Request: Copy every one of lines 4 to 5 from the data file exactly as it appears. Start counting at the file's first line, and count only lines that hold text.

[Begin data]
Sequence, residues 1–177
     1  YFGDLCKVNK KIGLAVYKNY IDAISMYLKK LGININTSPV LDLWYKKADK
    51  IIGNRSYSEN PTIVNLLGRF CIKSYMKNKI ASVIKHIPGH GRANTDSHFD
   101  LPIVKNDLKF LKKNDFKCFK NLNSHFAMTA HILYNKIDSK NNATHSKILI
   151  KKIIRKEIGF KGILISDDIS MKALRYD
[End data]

   101  LPIVKNDLKF LKKNDFKCFK NLNSHFAMTA HILYNKIDSK NNATHSKILI
   151  KKIIRKEIGF KGILISDDIS MKALRYD